Sunday, July 19, 2020

Operation Goodwood, Afternoon...


Sgt Fitzhugh tossed his cigarette into the dirt and ground it out, straightening his tanker's helmet he told his crew, "Look alive lads, it's the C.O. and the Sarn't Major. Probably come to tell us where we might die today."

Fitzhugh's battalion commander, Lieutenant-Colonel Jonathan Bryce-Heath, and his regimental sergeant major, Oswald Brookes, climbed out of their jeep and stretched. Riding a jeep, at speed, over some of these farm tracks was uncomfortable and jarring to one's bones, to say the least.

"Wait here Sarn't Major," Lt Col Bryce-Heath pulled his map out, then called out to Fitzhugh, "gather your tank commanders Sarn't, I shall only be briefing this once per troop."

The other tank commanders were waiting for Fitzhugh's signal, they had all wondered what the battalion C.O. wanted. Quickly they gathered by the troop commander's tank, a Sherman VC.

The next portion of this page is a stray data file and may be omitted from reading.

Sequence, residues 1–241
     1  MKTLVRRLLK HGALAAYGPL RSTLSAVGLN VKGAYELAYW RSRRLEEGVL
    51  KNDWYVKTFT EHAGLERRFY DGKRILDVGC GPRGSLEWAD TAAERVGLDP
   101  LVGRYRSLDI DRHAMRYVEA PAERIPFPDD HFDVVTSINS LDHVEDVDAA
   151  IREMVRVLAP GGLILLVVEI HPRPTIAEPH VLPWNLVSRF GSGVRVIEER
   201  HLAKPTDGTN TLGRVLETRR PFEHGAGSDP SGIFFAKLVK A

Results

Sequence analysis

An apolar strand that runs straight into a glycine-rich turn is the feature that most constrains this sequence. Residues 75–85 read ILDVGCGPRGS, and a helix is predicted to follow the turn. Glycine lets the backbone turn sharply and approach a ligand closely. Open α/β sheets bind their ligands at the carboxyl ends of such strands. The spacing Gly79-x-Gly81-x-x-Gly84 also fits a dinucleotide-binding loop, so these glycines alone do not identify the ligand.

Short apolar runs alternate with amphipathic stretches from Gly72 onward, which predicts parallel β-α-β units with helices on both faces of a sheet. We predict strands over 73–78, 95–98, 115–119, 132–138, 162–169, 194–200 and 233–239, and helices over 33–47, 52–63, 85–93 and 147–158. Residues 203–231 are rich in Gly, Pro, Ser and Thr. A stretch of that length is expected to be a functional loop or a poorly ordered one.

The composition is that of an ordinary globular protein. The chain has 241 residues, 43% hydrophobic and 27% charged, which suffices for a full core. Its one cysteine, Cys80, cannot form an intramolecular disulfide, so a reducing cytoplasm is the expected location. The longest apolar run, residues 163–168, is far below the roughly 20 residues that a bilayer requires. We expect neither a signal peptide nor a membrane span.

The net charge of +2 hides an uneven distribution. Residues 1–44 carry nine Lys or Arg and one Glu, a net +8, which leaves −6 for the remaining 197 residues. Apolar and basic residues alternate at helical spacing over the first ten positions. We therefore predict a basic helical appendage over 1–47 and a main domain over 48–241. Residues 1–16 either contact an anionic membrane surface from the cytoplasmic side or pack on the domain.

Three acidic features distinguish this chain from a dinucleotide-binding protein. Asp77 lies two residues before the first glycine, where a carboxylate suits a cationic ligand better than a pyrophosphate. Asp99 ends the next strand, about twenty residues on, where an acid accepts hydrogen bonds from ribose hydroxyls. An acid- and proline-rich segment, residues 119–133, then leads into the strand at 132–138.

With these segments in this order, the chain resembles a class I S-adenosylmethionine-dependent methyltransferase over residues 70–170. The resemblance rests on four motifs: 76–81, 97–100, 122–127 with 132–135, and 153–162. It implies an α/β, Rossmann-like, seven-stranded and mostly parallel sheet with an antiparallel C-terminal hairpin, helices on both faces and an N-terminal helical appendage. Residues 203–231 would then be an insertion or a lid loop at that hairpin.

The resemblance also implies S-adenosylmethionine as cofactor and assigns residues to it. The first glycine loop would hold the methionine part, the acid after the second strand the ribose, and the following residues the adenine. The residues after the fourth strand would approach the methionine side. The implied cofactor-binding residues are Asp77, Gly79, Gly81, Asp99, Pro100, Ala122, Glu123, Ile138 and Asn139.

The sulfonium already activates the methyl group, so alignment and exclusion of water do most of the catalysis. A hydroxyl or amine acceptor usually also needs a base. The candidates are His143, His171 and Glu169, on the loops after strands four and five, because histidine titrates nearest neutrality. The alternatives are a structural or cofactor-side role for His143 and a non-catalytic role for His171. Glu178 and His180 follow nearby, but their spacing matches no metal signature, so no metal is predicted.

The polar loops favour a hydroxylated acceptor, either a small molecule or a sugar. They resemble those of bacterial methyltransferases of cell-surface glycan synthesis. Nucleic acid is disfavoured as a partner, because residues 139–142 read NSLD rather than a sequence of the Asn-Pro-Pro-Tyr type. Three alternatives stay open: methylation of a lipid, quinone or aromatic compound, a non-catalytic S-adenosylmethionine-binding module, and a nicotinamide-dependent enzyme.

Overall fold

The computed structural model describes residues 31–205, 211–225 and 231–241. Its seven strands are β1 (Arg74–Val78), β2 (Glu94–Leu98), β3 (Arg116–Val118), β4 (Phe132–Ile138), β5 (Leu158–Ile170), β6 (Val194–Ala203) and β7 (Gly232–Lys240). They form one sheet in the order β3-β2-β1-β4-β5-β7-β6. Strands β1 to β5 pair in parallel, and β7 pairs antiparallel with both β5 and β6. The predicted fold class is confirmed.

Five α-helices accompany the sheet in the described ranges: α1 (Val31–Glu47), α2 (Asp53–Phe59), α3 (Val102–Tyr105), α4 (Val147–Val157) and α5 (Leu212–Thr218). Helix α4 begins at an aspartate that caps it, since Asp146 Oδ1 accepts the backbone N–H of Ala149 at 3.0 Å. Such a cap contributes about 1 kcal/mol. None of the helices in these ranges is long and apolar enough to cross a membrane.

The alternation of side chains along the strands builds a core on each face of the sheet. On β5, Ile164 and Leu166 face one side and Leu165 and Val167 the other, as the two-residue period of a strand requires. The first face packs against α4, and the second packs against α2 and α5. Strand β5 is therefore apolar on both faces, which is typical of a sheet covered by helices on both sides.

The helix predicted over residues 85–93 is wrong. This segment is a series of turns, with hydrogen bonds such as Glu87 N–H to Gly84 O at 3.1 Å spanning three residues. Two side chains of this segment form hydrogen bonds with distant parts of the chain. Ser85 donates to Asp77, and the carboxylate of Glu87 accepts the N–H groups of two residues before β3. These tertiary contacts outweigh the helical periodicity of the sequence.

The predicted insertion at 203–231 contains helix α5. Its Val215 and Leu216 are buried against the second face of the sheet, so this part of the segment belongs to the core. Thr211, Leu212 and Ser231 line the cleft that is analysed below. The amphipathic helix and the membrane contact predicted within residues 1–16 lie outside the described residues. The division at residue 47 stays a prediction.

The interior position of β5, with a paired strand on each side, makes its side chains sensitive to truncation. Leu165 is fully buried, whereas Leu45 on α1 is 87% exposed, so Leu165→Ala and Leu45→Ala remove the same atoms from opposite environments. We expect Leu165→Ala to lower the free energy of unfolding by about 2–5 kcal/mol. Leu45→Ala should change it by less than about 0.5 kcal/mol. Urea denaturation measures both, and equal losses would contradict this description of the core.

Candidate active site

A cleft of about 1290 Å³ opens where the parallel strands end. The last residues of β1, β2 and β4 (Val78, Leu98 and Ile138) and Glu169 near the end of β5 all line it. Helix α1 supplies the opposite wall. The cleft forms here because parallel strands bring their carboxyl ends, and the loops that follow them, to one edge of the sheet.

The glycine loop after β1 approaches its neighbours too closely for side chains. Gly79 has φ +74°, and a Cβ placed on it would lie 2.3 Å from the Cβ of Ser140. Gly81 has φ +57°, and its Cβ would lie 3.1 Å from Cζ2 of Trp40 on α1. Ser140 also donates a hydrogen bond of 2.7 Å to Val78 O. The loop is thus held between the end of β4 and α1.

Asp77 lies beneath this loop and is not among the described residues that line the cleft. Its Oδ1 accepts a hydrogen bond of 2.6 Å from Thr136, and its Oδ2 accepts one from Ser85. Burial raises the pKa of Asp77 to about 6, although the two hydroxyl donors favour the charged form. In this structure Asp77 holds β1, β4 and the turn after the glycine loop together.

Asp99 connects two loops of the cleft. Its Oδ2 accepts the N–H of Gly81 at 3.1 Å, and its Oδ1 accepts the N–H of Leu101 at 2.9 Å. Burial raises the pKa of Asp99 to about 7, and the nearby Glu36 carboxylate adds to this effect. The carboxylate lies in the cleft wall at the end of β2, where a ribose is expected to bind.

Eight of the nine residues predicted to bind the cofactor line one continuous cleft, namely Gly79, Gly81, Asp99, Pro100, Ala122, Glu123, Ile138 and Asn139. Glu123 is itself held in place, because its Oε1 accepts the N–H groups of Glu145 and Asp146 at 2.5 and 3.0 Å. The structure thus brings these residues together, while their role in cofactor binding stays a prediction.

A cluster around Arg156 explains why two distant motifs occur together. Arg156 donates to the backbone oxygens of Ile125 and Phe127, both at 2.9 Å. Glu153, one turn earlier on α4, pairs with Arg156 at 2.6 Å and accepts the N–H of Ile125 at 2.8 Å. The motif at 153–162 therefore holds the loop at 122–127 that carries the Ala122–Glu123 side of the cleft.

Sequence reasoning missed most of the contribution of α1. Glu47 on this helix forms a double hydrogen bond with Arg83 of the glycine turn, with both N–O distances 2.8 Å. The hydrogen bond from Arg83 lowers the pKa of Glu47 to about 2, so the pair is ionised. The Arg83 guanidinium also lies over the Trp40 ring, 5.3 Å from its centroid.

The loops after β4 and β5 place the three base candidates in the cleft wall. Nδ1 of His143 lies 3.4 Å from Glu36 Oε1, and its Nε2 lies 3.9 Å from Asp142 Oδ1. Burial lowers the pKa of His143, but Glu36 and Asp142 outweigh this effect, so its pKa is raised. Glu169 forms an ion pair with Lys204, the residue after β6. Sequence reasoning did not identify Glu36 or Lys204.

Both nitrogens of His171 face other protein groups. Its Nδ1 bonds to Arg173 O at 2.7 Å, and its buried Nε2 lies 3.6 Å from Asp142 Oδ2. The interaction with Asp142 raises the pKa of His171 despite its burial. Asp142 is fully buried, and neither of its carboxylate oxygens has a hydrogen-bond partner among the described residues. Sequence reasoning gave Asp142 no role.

"Right lads, bit of a change in plan. Brigade is attaching us directly to 7th Armoured. We're to provide support for them as they push on to Bourguébus Ridge. As you can see, we're just south of Hérouvillette, just west of here, Escoville, I think..."

"I've got that on my map Sir, just here. We're right about, there."

"Yes, thank you sergeant. Now your task is to spearhead the battalion as we push towards Cagny. The RAF claim to have obliterated that village as well as Manneville, which you should pass to your left flank. Push on, mop up any German resistance, we expect a few remnants of the 272nd Infantry in the area. Guards Armoured will be to your left and will deal with any survivors from the 1st SS. Shouldn't be many after the bombings and the artillery preparation. Now get ready to move, and good hunting!"


Fitzhugh always hated to hear "good hunting" from some officers, as if this were a bloody fox hunt. He doubted the bombs and artillery had killed all of the Germans' big cats. He was quite sure there were still Panthers and Tigers to spare!

Looking south from Escoville, route of advance for Fitzhugh's troop.
Google Street View

Sgt Fitzhugh ordered his troop to move out, he had them in reverse wedge formation with his own tank at the rear angle of the wedge. That way he could respond to either flank and to the front should the surviving Germans engage them.